The first reference to giants is found in Genesis 6:4: ‘The Nephilim were in the earth in those days…the same were the mighty men that were of old, the men of renown.” According to the Midrash (Yalkut Shimoni, Bereishit 44), the “Nephilim” were the offspring of angels (“sons of God”) and women.

Being the descendants of angels, the giants had supernatural attributes. Not only were they incredibly tall and strong, they also lived for extraordinary lengths of time. The giant Og, who was noted in the Midrash (Pirkei DeRabbi Eliezer 23) as being young at the time of the flood, was killed by Moses (Berachot 54b).

While certain specific giants (such as Og and Goliath) enter the Biblical narrative, giants as a nation are mentioned in particular in Numbers 13:33: “And there we saw the Nephilim, the sons of Anak who come of the Nephilim: and we were in our own sight as grasshoppers, and so were we in their sight.” The Israelite spies thus described the inhabitants of the Land of Israel and discouraged the Israelites from conquering it.

In time, the giant nations died out. Goliath, famous for his defeat at the hands of a young David (before he became king), is the last one mentioned in the Bible.

Copyright © 2011 National Jewish Outreach Program. All rights reserved.

The Flags of the Tribes
June 14, 2011 – 5:53 am | One Comment
The Flags of the Tribes

On June 14, 1777, the Second Continental Congress resolved that: “the flag of the 13 United States be thirteen stripes, alternate red and white: That the union be thirteen stars, white in a blue field, representing a new constellation.” In celebration of this resolution, June 14 was officially established as Flag Day (as of 1916).

The Tribes of Israel also had flags, but these were more like organizational guides. By Divine order, the Israelites encamped “each person by his flag, according to the insignia of his ancestor’s house, at a distance surrounding the Tent of Meeting shall they encamp” (Numbers 2:2). According to the Midrash Rabbah Numbers 2:7, this meant that each tribe had a specific color and emblem:

Reuben – Red flag, with mandrake flowers
Simeon – Green flag, with buildings of the city of Shechem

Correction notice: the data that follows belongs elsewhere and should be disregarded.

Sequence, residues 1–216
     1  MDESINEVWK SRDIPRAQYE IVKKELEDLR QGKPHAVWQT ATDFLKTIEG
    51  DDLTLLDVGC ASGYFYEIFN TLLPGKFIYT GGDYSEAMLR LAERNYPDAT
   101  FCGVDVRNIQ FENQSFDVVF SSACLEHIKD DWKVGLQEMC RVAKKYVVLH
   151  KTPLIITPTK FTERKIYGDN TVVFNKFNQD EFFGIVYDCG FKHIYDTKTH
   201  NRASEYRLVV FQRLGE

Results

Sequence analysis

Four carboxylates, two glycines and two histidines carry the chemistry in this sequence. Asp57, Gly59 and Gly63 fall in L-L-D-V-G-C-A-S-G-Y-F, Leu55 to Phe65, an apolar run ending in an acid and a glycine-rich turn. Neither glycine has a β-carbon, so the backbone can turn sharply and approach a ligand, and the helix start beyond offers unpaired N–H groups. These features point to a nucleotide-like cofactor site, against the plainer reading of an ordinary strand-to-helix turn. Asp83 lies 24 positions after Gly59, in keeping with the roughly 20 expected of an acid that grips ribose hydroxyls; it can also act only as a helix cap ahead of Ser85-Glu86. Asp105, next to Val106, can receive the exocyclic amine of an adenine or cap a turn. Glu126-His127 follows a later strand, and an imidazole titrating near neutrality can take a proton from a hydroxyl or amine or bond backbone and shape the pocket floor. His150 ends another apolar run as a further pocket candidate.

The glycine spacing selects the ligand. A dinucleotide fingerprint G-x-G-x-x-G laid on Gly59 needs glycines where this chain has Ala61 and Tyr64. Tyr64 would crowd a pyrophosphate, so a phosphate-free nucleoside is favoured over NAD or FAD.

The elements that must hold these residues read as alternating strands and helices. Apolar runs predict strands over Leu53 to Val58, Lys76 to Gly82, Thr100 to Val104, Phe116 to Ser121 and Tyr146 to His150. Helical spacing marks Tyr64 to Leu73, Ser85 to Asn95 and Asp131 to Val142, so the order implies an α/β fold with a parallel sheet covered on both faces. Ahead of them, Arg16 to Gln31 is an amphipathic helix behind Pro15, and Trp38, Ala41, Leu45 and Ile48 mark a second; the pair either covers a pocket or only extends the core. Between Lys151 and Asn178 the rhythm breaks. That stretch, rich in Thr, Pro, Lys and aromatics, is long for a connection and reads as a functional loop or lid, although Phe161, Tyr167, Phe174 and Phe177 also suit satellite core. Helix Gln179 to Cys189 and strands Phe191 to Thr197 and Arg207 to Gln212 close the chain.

Levi – Red, white and black flag, with the High Priest’s breastplate
Judah – Sky blue flag, with a lion
Issachar – Bluish black flag, with a sun and moon
Zebulun – White flag, with a ship
Dan – Blue flag, with a snake
Naphtali – Deep wine colored flag, with a deer
Gad – Black and white flag, with a tent camp
Asher – Pearlescent colored flag, with an olive tree
Joseph – Black flag, with Egypt depicted upon it (Since this tribe was divided into Joseph’s two sons, their flags were similar. However, Ephraim’s flag had a bull, while Menasseh’s had a wild ox.)
Benjamin – Multicolored flag, with a wolf

*Some flags refer to historical occurrences (Reuben, Simeon, Levi and Joseph) while others reflect Jacob’s blessings (Judah, Zebulun, Dan, Naphtali, Gad, Asher and Benjamin).

Which Day Of The Week Were You Born?
June 13, 2011 – 4:36 am
Which Day Of The Week Were You Born?

Do you know on which day you were born? Not your birthday…which day of the week. It doesn’t appear to be a relevant fact, but more of an interesting bit of personal trivia. According to the sages (Shabbat 156a), however, the day of the week on which one was born can influence a person’s personality.

People born on Sundays tend to be more extreme. Rabbi Joshua ben Levi describes a Sunday child as being “a person without one…” which is understood by Rabbi Ashi as being “completely virtuous or completely wicked.” Sunday (Day One) was the day on which God created light, and thus darkness.

Monday’s child will be ill-tempered because on Day Two of creation, God divided the waters, but He did not settle the waters until the next day.

One might think that the settling of the water on Day Three would bode well for a child born on Tuesday. Alas, this child, according to the sages, will be “wealthy and unchaste…because Herbs were created” on Day Three. (Herbs multiply with exceptional speed and can live with many other types of plants.)

Born on Wednesday? The Wednesday baby will “be wise and of a retentive memory,” because on Day Four, God placed the stars, moon and sun in the Heavens. In the Heavenly bodies, God encrypted great knowledge.

On Day Five, God created the fish and the birds, who, according to some explanations, live purely on God’s loving-kindness and mercy. Therefore, a Thursday birth means a benevolent child.

One born on Friday is said to be a seeker. According to Rabbi Nachman ben Isaac, this means a seeker of good deeds.

Finally, the Talmud notes that one “who is born on Shabbat will die on Shabbat, because the great day of Shabbat was desecrated on his account.” This, however, applies only as a rule to those who are particularly holy.

Copyright © 2011 National Jewish Outreach Program. All rights reserved.

Jmag Search
Search now! »
Please enter a zip code.


  • What is your favorite part of Thanksgiving?

    View Results

    Loading ... Loading ...